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Market Updates

10 Smart Moves To Protect Your Bank Account

Ihackersf you use a credit or debit card, bank online or make any kind of electronic financial transaction, you face some risk that your personal information or money could be stolen. That means pretty much everyone is exposed to this threat.

Here are 10 Smart Moves To Protect Your Bank Account

1.  Review bank statements for accuracy.

2.  Never disclose a debit or credit card PIN (personal identification number) in email or on the phone.

3.  Be suspicious of strangers who ask for personal information by email or phone.

4.  If you’re asked to provide your Social Security number or other confidential information, make sure you know who wants the information and why.

5.  Be wary of email attachments and “free” software.

6.  Don’t use part of your Social Security number as a PIN.

7.  Think before you download apps, click on links or reply to email that might be harmful or fraudulent.

8.  Keep your laptop or mobile device’s operating system and Internet browser up to date.

9.  Don’t store passwords, your Social Security or other sensitive information on your smartphone.

10. Be aware of your surroundings when you bank online in a public setting. Watch out for “shoulder surfers,” people who hover nearby and observe your information without your knowledge.

Lastly, Don’t sign into online banking on a public computer and always sign out when you’ve finished your transactions, even if you use your home computer or own mobile device

Source: http://www.bankrate.com/finance/savings/could-bank-hackers-steal-your-money-1.aspx?ec_id=Face101

Categories
Mortgage Process

Identity Theft Victims Must File Police Report

First Home Buyer was referred to me by a local realtor to be Pre-Approved for a mortgage. To make a long story short, the buyer came to America a ID Theftseveral years ago. He worked hard, saved his money, established a small credit history and then went back to the old country to get married. While he was gone, his roommate cleaned out his savings and ran up his credit cards to take off for parts unknown. Although the buyer tried to do what he thought was right, the accounts were turned over to collection agencies. He was the Victim of Identity Theft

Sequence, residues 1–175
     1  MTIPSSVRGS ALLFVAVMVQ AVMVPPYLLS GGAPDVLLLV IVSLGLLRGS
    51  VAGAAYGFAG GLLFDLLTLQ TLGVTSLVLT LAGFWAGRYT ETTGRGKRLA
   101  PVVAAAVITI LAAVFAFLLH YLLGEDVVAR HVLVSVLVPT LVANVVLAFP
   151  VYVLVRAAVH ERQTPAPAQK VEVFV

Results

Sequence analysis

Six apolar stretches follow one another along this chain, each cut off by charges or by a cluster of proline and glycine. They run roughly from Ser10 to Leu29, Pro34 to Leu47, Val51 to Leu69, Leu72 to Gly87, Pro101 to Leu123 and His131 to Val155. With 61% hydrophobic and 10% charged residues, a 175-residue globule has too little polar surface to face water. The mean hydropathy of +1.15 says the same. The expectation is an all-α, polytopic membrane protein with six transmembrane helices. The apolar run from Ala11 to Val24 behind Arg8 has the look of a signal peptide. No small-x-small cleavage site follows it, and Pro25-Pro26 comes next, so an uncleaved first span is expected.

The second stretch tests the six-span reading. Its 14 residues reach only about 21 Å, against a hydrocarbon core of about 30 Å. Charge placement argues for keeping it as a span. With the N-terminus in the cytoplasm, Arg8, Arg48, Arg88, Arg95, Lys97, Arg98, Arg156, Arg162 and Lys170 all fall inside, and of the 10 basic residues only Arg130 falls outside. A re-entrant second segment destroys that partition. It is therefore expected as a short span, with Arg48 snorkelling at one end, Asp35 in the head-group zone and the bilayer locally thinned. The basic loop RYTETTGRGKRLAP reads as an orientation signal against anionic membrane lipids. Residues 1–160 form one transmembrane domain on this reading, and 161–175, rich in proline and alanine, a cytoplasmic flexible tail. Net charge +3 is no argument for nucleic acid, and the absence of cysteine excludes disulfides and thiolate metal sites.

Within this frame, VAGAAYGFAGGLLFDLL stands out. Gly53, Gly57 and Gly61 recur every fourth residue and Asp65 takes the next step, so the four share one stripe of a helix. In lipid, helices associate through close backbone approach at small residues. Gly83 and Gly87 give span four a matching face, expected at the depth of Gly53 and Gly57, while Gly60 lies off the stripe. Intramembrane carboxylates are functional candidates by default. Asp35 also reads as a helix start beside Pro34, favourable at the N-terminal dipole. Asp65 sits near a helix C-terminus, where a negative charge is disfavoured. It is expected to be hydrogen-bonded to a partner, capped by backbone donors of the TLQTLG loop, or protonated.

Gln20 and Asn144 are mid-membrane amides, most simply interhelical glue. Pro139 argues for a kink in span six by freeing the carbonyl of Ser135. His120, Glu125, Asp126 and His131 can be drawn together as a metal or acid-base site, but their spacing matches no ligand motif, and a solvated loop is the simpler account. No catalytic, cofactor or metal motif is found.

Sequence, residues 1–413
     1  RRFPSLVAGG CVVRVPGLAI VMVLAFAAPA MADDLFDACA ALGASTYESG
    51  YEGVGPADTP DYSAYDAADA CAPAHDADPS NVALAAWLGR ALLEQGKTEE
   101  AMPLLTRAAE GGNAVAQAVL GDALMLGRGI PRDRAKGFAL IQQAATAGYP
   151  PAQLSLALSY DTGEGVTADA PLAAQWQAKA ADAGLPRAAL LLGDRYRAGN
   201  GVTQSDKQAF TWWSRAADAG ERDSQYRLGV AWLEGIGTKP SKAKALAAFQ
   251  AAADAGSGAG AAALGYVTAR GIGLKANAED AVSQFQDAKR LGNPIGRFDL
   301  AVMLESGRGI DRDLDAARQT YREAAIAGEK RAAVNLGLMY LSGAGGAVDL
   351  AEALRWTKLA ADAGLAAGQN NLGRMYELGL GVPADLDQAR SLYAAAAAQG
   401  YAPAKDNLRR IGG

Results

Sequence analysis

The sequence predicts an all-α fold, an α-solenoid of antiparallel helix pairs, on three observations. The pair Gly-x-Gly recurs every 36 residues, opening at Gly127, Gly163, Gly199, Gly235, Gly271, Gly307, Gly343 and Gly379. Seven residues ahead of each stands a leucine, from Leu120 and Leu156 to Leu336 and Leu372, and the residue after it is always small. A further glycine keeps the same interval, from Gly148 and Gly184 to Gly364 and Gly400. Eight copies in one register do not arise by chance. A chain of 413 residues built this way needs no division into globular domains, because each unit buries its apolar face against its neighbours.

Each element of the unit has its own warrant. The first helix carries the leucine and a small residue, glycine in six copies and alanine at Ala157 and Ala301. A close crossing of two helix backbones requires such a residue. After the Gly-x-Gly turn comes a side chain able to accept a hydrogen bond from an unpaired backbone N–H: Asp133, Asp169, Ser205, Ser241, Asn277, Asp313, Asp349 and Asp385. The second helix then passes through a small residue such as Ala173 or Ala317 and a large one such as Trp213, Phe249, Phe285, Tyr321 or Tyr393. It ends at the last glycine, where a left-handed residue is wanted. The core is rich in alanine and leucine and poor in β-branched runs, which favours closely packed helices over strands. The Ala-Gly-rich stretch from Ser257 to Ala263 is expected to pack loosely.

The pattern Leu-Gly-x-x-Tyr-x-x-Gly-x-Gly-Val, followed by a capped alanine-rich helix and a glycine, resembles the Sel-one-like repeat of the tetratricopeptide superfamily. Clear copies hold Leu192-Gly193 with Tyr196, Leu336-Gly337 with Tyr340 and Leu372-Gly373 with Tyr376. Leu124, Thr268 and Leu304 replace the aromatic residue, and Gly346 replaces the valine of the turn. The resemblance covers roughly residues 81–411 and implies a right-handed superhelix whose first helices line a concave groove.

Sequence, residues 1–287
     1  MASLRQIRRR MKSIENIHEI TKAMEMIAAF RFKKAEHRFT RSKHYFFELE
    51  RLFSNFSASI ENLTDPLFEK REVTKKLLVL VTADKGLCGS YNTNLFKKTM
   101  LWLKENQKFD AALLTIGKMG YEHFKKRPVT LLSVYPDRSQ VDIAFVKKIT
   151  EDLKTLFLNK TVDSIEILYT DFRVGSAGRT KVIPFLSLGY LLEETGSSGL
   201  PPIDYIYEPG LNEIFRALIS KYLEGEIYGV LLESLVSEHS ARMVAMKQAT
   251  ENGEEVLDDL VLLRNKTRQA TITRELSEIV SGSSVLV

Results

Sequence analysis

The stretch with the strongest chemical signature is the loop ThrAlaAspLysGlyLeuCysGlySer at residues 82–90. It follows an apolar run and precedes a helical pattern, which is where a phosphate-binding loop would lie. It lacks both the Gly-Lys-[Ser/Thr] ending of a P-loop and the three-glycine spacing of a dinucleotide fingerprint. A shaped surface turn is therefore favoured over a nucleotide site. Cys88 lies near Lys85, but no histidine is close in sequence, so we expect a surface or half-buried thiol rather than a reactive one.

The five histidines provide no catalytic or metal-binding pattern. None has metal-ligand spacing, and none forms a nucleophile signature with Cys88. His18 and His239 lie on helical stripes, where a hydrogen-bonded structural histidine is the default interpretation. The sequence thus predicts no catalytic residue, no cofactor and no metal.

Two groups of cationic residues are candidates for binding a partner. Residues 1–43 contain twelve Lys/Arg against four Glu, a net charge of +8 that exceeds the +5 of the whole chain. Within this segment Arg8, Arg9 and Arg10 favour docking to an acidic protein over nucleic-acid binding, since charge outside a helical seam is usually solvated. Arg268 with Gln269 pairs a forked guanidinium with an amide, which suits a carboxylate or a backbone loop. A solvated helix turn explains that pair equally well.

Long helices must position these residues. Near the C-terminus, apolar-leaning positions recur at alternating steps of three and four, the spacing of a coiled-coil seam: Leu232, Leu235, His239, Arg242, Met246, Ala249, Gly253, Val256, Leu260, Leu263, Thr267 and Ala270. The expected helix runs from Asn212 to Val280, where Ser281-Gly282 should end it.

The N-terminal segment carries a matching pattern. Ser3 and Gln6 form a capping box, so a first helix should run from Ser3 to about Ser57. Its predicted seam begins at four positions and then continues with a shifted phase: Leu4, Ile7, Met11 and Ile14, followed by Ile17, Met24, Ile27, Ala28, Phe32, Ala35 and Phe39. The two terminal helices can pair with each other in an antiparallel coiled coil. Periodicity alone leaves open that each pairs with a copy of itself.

Today, the borrower is self-employed with tax returns that show good income,  a growing family, enough in savings to put a 20% down payment on a $200,000 home, and a low credit score.

The credit repair company I work with tells me that even if he makes a settlement with these creditors for debts he did not incur,  history of these derogatory accounts will show up on his report for 7 years.
Federal Trade CommissionAccording to the  Federal Trade Commission  Victims of identity theft need to file a  comprehensive police report to assert their federal rights and recover from the crime. In my client’s case, this is the only way he can remove these accounts from his credit report. 

Why Victims Need To File a Police Report
Under the Fair Credit Reporting Act (FCRA), a detailed police report is requiredpolice officer before victims can claim certain rights under federal law. By law, the report must specify which accounts and information on the credit report resulted from the identity theft. A detailed police report:

  • Helps victims clear their credit reports of any negative information that resulted from identity theft — such as bad debts — and avoid the long-term effects of a poor credit score, such as being refused new credit or insurance or paying higher interest rates.
  • Helps victims keep fraudulent debts from reappearing on their credit reports or ending up in the hands of a new debt collector.

Identifying the accounts resulting from identity theft is necessary to set in motion a chain of events:good-credit-vs-bad-credit

  • the credit reporting agency removes all fraudulent debts from appearing on the credit report, and the credit score is restored;
  • the credit reporting company notifies any businesses holding those fraudulent accounts that the accounts result from identity theft.
  • The business cannot continue to report them to the credit reporting company. 

Writing the Report the Easy Way
The Federal Trade Commission Identity Theft website makes it easier for victims to gather all  the required information for their police report. The FTC’s On-Line ID Theft Affidavit gathers all of the victim’s information that the law requires. The form can be attached to the police report. Victims can then send copies to the credit reporting companies and businesses involved to take advantage of their FCRA rights.

Identity Theft is a serious crime that can wreak havoc with your finances, credit history, and reputation — and can take time, money, and patience to resolve. My client has been approved for a mortgage, but it’s going to more expensive than we thought. It’s now his choice to buy the house before the school year starts, or make the effort to restore his good name. Whatever he decides to do, I’m here to help.